|Publication number||US5719911 A|
|Application number||US 08/791,369|
|Publication date||Feb 17, 1998|
|Filing date||Jan 30, 1997|
|Priority date||Oct 29, 1993|
|Also published as||US5625656|
|Publication number||08791369, 791369, US 5719911 A, US 5719911A, US-A-5719911, US5719911 A, US5719911A|
|Inventors||Samson Hettiarachchi, Lee Cowan II Robert, Robert James Law, Thomas Pompilio Diaz|
|Original Assignee||General Electric Company|
|Export Citation||BiBTeX, EndNote, RefMan|
|Patent Citations (18), Non-Patent Citations (2), Referenced by (13), Classifications (49), Legal Events (3)|
|External Links: USPTO, USPTO Assignment, Espacenet|
This application is a divisional application of U.S. patent application Ser. No. 08/482,243 filed on Jun. 7, 1995 and issued as U.S. Pat. No. 5,625,656, continuation-in-part application of U.S. patent ppplication Ser. No. 08/209,572 filed on Mar. 10, 1994 and issued as U.S. Pat. No. 5,600,691, which in turn is a continuation-in-part application of U.S. patent application Ser. No. 08/143,513, filed on Oct. 29, 1993 and abandoned, and application Ser. No. 08/143,514, filed on Oct. 29, 1993 and issued as U.S. Pat. No. 5,448,605.
This invention relates to reducing the corrosion potential of components exposed to high-temperature water. As used herein, the term "high-temperature water" means water having a temperature of about 150° C. or greater or steam. High-temperature water can be found in a variety of known apparatus, such as water deaerators, nuclear reactors, and steam-driven power plants.
A light-water nuclear reactor has a core of nuclear fuel which is cooled by recirculating water. A reactor pressure vessel contains the reactor coolant, which is heated to high temperature by heat produced as a result of nuclear fission produced by the nuclear fuel. Piping circuits carry the heated water or steam to the steam generators or turbines and carry circulated water back to the vessel via feedwater after passing through the main condenser. Operating pressures and temperatures for the reactor pressure vessel are about 7 MPa and 288° C. for a boiling water reactor (BWR), and about 15 MPa and 320° C. for a pressurized water reactor (PWR). The materials used in both BWRs and PWRs must withstand various loading, environmental and radiation conditions.
Some of the materials exposed to high-temperature water include carbon steel, alloy steel, stainless steel, and nickel-based, cobalt-based and zirconium-based alloys. Despite careful selection and treatment of these materials for use in water reactors, corrosion occurs on the materials exposed to the high-temperature water. Such corrosion contributes to a variety of problems, e.g., stress corrosion cracking, crevice corrosion, erosion corrosion, sticking of pressure relief valves and buildup of the gamma radiation-emitting Co-60 isotope.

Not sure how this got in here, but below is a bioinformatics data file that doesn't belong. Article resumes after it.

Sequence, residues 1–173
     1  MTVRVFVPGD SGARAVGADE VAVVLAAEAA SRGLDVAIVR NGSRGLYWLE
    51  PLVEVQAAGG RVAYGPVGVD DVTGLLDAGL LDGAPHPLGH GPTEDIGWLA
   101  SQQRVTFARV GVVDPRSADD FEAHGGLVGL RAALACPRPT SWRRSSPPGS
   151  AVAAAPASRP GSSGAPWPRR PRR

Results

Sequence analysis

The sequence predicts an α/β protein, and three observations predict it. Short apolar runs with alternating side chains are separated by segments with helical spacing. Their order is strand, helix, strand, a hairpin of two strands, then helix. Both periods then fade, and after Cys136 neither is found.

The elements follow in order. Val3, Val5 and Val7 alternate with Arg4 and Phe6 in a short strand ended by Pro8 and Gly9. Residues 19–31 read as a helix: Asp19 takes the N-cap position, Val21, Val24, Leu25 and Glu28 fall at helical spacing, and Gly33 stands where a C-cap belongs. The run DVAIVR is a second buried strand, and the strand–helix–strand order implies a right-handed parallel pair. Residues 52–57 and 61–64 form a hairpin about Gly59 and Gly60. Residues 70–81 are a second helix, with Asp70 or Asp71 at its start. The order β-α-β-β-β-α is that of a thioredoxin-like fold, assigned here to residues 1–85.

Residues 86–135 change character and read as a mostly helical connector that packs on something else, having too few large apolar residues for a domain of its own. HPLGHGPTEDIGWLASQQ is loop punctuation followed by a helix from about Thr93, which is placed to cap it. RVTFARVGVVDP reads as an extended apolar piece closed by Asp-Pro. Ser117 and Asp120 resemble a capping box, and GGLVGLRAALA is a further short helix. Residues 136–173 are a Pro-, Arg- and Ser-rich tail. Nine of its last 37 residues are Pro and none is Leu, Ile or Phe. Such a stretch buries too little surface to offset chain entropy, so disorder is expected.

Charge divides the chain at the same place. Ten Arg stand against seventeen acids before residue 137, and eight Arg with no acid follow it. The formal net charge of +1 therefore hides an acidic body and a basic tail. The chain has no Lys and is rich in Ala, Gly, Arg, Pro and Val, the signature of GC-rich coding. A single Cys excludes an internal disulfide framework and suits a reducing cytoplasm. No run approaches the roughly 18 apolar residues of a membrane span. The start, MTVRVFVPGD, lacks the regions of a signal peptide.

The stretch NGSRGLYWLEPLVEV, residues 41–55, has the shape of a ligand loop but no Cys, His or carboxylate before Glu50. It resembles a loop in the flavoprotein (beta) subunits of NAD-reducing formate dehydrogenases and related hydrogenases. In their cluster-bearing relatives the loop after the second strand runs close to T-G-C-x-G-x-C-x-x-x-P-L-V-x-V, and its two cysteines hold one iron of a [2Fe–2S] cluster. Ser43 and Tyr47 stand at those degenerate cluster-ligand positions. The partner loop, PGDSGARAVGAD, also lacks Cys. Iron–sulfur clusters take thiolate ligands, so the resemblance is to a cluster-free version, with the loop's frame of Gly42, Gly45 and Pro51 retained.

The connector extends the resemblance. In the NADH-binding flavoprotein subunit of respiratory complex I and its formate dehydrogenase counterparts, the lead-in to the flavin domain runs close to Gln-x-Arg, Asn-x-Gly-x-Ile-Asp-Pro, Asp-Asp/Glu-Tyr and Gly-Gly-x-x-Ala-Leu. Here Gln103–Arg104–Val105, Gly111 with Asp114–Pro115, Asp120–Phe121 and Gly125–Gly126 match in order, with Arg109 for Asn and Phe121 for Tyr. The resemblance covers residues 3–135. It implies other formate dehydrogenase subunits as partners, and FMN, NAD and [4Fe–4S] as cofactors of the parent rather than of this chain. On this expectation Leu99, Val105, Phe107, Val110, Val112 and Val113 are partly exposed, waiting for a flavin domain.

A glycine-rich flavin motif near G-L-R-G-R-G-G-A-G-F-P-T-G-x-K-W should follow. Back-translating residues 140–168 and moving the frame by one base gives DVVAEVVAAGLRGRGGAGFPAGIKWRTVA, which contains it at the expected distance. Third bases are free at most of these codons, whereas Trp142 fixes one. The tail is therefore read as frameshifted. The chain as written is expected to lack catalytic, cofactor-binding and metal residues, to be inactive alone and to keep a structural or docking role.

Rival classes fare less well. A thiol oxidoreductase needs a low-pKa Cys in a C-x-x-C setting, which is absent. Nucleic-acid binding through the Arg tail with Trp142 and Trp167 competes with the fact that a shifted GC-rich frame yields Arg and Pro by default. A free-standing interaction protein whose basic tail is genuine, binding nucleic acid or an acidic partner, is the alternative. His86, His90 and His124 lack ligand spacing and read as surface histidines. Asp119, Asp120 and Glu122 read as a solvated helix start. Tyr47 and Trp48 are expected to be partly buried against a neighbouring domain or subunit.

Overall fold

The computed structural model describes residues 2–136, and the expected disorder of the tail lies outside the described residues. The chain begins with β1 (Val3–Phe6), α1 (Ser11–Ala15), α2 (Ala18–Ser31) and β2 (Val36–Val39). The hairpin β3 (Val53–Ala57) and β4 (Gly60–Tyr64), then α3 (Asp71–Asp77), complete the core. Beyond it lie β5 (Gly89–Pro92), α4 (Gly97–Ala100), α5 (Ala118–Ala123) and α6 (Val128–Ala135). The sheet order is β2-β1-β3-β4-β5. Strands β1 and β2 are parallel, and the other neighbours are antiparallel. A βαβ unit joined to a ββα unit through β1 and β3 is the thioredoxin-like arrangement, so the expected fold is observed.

Stress corrosion cracking (SCC) is a known phenomenon occurring in reactor components, such as structural members, piping, fasteners, and welds, exposed to high-temperature water. As used herein, SCC refers to cracking propagated by static or dynamic tensile stressing in combination with corrosion at the crack tip. The reactor components are subject to a variety of stresses associated with, e.g., differences in thermal expansion, the operating pressure needed for the containment of the reactor cooling water, and other sources such as residual stress from welding, cold working and other asymmetric metal treatments. In addition, water chemistry, welding, heat treatment, and radiation can increase the susceptibility of metal in a component to SCC.
It is well known that SCC occurs at higher rates when oxygen is present in the reactor water in concentrations of about 5 ppb or greater. SCC is further increased in a high radiation flux where oxidizing species, such as oxygen, hydrogen peroxide, and short-lived radicals, are produced from radiolytic decomposition of the reactor water. Such oxidizing species increase the electrochemical corrosion potential (ECP) of metals. Electrochemical corrosion is caused by a flow of electrons from anodic to cathodic areas on metallic surfaces. The ECP is a measure of the kinetic tendency for corrosion phenomena to occur, and is a fundamental parameter in determining rates of, e.g., SCC, corrosion fatigue, corrosion film thickening, and general corrosion.